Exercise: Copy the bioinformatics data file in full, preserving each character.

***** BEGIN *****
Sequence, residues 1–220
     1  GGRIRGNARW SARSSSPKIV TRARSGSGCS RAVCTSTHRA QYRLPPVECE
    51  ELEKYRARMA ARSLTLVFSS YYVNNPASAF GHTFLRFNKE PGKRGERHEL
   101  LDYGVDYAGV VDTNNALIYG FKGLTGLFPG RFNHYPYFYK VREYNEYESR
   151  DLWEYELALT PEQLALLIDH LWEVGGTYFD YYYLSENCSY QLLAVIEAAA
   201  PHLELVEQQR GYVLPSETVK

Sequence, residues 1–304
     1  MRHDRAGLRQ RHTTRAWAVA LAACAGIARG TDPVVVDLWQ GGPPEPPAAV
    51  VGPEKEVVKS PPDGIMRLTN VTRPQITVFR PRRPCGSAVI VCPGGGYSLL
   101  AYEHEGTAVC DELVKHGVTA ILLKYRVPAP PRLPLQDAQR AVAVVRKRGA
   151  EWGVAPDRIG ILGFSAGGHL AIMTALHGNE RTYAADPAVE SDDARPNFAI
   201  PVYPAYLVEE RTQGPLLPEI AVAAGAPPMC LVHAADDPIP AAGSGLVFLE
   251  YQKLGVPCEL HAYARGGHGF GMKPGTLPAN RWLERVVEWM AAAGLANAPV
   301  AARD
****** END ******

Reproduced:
Sequence, residues 1–220
     1  GGRIRGNARW SARSSSPKIV TRARSGSGCS RAVCTSTHRA QYRLPPVECE
    51  ELEKYRARMA ARSLTLVFSS YYVNNPASAF GHTFLRFNKE PGKRGERHEL
   101  LDYGVDYAGV VDTNNALIYG FKGLTGLFPG RFNHYPYFYK VREYNEYESR
   151  DLWEYELALT PEQLALLIDH LWEVGGTYFD YYYLSENCSY QLLAVIEAAA
   201  PHLELVEQQR GYVLPSETVK

Sequence, residues 1–304
     1  MRHDRAGLRQ RHTTRAWAVA LAACAGIARG TDPVVVDLWQ GGPPEPPAAV
    51  VGPEKEVVKS PPDGIMRLTN VTRPQITVFR PRRPCGSAVI VCPGGGYSLL
   101  AYEHEGTAVC DELVKHGVTA ILLKYRVPAP PRLPLQDAQR AVAVVRKRGA
   151  EWGVAPDRIG ILGFSAGGHL AIMTALHGNE RTYAADPAVE SDDARPNFAI
   201  PVYPAYLVEE RTQGPLLPEI AVAAGAPPMC LVHAADDPIP AAGSGLVFLE
   251  YQKLGVPCEL HAYARGGHGF GMKPGTLPAN RWLERVVEWM AAAGLANAPV
   301  AARD